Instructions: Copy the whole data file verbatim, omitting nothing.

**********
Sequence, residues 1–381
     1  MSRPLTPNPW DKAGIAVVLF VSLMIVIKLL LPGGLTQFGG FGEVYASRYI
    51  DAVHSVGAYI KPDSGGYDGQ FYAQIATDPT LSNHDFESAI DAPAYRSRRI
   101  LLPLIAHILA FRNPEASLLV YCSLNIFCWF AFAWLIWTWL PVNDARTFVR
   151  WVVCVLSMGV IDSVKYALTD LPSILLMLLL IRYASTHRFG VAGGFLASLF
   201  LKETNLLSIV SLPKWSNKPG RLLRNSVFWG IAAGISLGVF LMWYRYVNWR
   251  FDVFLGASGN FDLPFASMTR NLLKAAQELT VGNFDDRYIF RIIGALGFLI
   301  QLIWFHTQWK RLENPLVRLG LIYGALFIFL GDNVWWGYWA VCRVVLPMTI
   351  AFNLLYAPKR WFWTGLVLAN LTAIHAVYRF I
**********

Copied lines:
Sequence, residues 1–381
     1  MSRPLTPNPW DKAGIAVVLF VSLMIVIKLL LPGGLTQFGG FGEVYASRYI
    51  DAVHSVGAYI KPDSGGYDGQ FYAQIATDPT LSNHDFESAI DAPAYRSRRI
   101  LLPLIAHILA FRNPEASLLV YCSLNIFCWF AFAWLIWTWL PVNDARTFVR
   151  WVVCVLSMGV IDSVKYALTD LPSILLMLLL IRYASTHRFG VAGGFLASLF
   201  LKETNLLSIV SLPKWSNKPG RLLRNSVFWG IAAGISLGVF LMWYRYVNWR
   251  FDVFLGASGN FDLPFASMTR NLLKAAQELT VGNFDDRYIF RIIGALGFLI
   301  QLIWFHTQWK RLENPLVRLG LIYGALFIFL GDNVWWGYWA VCRVVLPMTI
   351  AFNLLYAPKR WFWTGLVLAN LTAIHAVYRF I